Monday, October 15, 2007

Can't Wait for Socialized Medicine to Hit the US

In the midst of an epidemic - though of course they don't want to say that - of the latest Super Bug (Clostridium difficile or C. diff) a lot of interesting problems have come up about cleanliness in UK hospitals. NHS: 'I found a used needle by his bed' - Telegraph
After Troy's operation, he was given a stomach drain to allow his pancreas to settle down, fitted with drips and a catheter to regulate his fluids – and spent the six days recuperating in a filthy ward.

The drip stand wheels were coated in years of grime and there were unpleasant looking stains on the walls. During one of my visits, I watched in dismay as the cleaner gave a cursory mop to the middle of the bay, considering the job done.

Troy's own hygiene and comfort were no better attended. Too ill at first to wash his own face or brush his teeth, he was left to cope on his own; no one offered to help with his toilet. There was to be no bed bath, either.

Not that it would have been much use: Troy was admitted first thing Wednesday morning, but he was still lying in the same bedsheets on Friday night – by which point they had become stained with his blood.
Changing bed-linen is apparently too expensive and deemed unnecessary by the British National Health Service.

Simple measures that would prevent the spread of AIDS appear to be too expensive as well.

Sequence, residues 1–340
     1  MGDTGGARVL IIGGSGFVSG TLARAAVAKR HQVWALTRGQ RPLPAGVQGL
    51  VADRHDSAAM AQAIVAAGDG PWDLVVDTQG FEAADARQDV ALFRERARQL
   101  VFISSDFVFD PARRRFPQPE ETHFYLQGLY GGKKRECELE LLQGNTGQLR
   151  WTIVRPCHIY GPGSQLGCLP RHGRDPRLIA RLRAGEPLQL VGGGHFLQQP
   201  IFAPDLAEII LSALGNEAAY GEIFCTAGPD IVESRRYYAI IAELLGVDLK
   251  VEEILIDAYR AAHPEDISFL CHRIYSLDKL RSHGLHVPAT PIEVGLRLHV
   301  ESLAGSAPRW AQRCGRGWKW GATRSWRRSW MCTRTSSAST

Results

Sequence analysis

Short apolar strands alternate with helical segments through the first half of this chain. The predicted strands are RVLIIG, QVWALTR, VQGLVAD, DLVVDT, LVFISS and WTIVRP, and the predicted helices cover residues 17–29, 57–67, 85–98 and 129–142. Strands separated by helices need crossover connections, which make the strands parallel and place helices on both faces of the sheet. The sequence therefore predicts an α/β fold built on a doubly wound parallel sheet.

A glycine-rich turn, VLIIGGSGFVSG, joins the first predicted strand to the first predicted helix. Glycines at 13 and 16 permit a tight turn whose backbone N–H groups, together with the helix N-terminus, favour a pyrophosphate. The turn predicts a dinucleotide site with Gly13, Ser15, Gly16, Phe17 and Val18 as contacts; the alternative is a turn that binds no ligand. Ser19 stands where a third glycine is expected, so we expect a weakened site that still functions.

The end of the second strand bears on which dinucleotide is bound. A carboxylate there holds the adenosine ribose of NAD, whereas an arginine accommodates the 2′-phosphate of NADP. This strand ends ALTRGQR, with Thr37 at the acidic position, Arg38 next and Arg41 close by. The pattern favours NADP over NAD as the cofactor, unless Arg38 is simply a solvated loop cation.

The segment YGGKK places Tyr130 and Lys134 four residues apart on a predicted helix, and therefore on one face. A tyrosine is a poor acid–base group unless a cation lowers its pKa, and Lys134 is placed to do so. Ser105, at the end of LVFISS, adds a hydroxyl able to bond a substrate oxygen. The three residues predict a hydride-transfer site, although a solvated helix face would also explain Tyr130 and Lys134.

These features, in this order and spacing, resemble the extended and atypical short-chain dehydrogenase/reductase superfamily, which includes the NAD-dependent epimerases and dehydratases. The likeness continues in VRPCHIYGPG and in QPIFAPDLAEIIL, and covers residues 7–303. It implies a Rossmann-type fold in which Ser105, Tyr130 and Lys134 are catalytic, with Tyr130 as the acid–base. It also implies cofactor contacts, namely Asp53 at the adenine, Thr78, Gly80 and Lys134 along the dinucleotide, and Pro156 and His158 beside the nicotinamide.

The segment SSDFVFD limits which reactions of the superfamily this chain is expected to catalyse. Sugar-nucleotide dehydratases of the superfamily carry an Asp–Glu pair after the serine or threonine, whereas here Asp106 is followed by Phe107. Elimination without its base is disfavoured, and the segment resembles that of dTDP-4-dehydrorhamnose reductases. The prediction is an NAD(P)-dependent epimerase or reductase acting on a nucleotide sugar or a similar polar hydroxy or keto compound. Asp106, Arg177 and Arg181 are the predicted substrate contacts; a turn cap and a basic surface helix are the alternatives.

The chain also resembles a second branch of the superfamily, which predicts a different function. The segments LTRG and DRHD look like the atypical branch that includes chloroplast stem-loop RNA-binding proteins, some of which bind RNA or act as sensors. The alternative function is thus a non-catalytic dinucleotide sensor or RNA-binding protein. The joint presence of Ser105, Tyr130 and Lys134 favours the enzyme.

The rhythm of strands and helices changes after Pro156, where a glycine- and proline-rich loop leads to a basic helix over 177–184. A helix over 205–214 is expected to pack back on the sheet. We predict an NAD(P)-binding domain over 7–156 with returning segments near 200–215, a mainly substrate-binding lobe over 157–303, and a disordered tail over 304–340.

Even when it came to the handling of bodily fluids, including blood, hospital protocol was not rigorously followed. I was surprised to see a senior doctor in A&E trying to take a blood sample without wearing gloves. Later, Troy's drip was replaced by a member of the surgical team without the use of gloves.

When a nurse absent-mindedly used his drip arm to measure Troy's blood pressure, the inflatable cuff caused the puncture to leak and blood to drip on to the floor. "That's not supposed to happen," she said, and walked away, saying that she was now on a break.

Sadly, the wanton lack of knowledge about the dangers of blood-borne infection appears endemic in the NHS. Another patient told me that he had taken his young son into Casualty at the Hammersmith, a major teaching hospital in west London.

The child had a cut on his head and the treatment involved glueing the edges of the wound together. He was shocked to see that the tube of glue was open, having already been used on another wound. When he queried whether this might be dangerous, he was told that because the glue is so expensive, it was normal practice to use the same tube to treat several patients.
Great. When we have public health care we can look forward to it being in the same shape as public restrooms.

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